At 23, Chance the Rapper has blown away music fans, young and old. Chance is 27 years younger than Ben Folds, and represents a new generation in music. “Dear Theodosia” seems like it’s written for Chance, who is smiling down at his daughter on his latest album cover. While Spektor and Folds’ version comforts me like a parent’s lullaby, Chance’s version instills a sense of responsibility in me. As a child, there is a responsibility to do my best, and honor the investment my parents made in me. As an adult, there is a responsibility to work toward a better world for the next generation. Chance is eager and unashamed to tackle both of those responsibilities wholeheartedly.
The transition from Regina Spektor and Ben Folds to Chance the Rapper is representative of the transition into adulthood for those of us in our 20s. The shift from the natural beauty of Regina Spektor’s voice to the electronic charm of Francis and the Lights’ production is also representative of a shift in musical styles through the years. Through both versions, however, there is a constant: earnestness. When Hamilton: The Musical appeared on Broadway, Alexandra Petri of the Washington Post praised the production, stating:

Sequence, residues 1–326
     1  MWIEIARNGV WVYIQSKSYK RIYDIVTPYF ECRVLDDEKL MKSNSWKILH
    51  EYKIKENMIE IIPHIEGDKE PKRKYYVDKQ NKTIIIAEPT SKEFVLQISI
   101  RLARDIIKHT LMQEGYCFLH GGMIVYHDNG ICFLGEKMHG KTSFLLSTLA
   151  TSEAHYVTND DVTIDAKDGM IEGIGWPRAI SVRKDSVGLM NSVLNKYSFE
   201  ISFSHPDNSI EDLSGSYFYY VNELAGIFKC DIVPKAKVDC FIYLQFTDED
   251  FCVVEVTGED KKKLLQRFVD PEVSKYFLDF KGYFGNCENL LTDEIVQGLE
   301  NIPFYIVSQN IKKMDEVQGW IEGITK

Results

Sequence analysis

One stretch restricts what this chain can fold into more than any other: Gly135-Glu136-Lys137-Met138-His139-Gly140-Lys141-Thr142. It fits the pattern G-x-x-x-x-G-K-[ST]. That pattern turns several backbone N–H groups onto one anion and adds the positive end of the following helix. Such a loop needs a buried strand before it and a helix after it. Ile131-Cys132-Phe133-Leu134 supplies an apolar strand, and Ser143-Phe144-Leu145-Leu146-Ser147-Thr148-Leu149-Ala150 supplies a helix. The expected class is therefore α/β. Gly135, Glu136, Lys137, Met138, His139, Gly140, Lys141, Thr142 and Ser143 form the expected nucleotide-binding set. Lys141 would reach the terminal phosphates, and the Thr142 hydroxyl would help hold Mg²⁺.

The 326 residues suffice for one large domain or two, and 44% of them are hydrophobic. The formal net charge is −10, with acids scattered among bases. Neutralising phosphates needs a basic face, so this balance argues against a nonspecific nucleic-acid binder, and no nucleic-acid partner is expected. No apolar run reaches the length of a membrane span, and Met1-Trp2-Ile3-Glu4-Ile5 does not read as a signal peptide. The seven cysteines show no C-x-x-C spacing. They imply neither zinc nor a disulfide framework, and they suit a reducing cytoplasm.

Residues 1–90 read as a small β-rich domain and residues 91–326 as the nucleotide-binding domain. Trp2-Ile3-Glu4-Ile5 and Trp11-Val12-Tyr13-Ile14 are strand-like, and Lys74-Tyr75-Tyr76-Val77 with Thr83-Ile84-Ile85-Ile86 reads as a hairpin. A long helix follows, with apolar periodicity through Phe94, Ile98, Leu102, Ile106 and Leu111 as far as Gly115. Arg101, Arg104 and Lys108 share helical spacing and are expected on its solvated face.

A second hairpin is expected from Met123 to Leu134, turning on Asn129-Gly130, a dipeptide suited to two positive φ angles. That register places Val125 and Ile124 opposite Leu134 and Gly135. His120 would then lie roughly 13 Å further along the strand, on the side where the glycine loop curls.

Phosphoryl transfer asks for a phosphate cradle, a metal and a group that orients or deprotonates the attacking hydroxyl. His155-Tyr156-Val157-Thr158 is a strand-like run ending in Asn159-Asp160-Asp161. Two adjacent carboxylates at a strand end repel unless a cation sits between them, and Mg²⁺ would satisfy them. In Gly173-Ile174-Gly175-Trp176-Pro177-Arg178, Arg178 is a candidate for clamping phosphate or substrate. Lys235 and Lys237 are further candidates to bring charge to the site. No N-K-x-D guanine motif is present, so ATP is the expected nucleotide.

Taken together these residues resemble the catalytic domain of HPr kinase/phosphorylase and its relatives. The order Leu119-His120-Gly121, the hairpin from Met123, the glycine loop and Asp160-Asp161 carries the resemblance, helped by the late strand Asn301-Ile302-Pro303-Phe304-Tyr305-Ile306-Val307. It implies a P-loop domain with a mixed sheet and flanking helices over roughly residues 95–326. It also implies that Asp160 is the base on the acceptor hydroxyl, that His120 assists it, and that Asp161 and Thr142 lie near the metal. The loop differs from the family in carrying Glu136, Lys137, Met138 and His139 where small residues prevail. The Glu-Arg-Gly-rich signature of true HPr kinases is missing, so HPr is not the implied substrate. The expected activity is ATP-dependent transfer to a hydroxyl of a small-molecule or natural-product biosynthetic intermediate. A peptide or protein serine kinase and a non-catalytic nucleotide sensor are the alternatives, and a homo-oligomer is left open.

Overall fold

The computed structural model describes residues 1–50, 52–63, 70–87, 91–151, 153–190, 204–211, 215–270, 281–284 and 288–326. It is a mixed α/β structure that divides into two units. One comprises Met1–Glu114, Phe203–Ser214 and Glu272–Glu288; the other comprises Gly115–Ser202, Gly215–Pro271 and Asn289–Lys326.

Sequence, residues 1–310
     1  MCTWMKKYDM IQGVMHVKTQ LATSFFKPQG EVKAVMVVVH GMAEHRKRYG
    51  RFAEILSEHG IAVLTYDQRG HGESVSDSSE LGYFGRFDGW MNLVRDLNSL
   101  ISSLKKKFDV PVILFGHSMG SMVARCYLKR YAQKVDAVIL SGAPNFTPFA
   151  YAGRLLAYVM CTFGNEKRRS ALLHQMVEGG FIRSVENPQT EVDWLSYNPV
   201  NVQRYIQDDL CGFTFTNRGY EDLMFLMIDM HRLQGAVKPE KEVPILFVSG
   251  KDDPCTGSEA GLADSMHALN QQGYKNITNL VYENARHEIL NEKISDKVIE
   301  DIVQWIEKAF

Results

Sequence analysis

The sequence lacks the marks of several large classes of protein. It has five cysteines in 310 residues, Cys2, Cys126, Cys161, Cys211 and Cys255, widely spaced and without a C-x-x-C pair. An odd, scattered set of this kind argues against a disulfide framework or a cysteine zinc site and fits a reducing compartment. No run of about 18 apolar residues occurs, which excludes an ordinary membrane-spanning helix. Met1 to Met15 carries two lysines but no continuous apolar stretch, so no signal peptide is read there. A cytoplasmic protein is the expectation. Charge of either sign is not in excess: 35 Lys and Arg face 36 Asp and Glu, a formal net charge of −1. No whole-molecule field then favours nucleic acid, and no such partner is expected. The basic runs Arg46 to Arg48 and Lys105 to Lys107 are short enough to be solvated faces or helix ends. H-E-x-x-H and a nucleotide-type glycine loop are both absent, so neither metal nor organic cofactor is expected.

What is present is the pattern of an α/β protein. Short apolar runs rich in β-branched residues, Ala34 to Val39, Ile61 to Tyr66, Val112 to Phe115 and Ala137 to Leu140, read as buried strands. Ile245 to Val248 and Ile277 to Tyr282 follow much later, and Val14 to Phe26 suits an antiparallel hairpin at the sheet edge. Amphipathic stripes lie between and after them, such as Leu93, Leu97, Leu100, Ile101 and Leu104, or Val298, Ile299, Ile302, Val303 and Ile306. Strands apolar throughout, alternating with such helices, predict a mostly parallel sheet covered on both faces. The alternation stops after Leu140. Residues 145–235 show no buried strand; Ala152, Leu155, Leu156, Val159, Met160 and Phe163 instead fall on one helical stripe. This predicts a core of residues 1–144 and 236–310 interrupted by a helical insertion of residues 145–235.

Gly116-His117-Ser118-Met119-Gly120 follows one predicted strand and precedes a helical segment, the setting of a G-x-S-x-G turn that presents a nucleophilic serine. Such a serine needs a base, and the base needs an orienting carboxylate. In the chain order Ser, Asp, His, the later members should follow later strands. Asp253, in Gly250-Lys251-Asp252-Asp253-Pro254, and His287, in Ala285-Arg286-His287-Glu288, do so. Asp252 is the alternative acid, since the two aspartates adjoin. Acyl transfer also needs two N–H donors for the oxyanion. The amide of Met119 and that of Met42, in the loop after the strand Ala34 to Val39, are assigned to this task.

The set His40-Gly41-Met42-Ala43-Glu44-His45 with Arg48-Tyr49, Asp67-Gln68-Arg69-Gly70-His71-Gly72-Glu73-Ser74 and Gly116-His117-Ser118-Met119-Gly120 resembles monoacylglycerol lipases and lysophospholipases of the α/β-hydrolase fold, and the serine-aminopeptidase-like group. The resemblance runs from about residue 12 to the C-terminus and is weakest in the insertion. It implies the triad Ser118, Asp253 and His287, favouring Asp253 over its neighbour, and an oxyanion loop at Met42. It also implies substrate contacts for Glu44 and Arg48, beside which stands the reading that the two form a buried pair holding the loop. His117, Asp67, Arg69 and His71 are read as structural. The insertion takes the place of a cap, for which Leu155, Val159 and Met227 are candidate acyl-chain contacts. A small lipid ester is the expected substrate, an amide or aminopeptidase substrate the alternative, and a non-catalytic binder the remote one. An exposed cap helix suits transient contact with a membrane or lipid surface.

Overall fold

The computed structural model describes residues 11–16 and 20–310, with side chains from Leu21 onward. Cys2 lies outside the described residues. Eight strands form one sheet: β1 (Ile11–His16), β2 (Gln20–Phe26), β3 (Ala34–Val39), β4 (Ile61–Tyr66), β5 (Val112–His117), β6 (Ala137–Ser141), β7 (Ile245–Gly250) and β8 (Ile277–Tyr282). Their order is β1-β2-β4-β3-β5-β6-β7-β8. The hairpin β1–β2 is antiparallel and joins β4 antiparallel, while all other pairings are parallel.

“If the success of “Hamilton” signals anything, it is that irony is dead. We have exhausted its creative potential. Making things with quotation marks around them is exhausting. Standing at one remove is over. Put your air-quotes away. You won’t need them anymore.”
Chance, Regina, Ben, and Francis only further the evidence for Petri’s analysis. A hip-hop musical about a founding father is the height of pop culture. A loving father who isn’t afraid to share his beliefs is an international rap sensation. Cool is no longer cool. Calling someone “extra” is no longer an insult.
Growing up, I was embarrassed when my mom was the first one on the dance floor. I would cringe when my dad walked down the street singing. I was careful and afraid, like Aaron Burr. I believed the words repeated so often throughout Hamilton: “Talk less. Smile more.” And I was wrong. If people were sheepish and ashamed, Alexander Hamilton would not have written the Federalist Papers, Chance the Rapper would not have written Coloring Book, and Lin-Manuel Miranda would never have written Hamilton. The sincerity and earnestness in both versions of “Dear Theodosia” prove even more so that it is cool to express emotion. It is cool to be yourself.
Lin-Manuel Miranda, Regina Spektor, Chance the Rapper, Ben Folds, and Francis and the Lights created two meaningful, sincere pieces of music with “Dear Theodosia” and its reprise. For that, they are my Sunday’s Best.
Childish Gambino (The Night Me and Your Mama Met): For trying something new, even if the rest of the album didn’t quite work for me.
Andrew McMahon in the Wilderness (Brooklyn, You’re Killing Me): For reminding Twenty One Pilots what poetry in a pop punk song should sound like.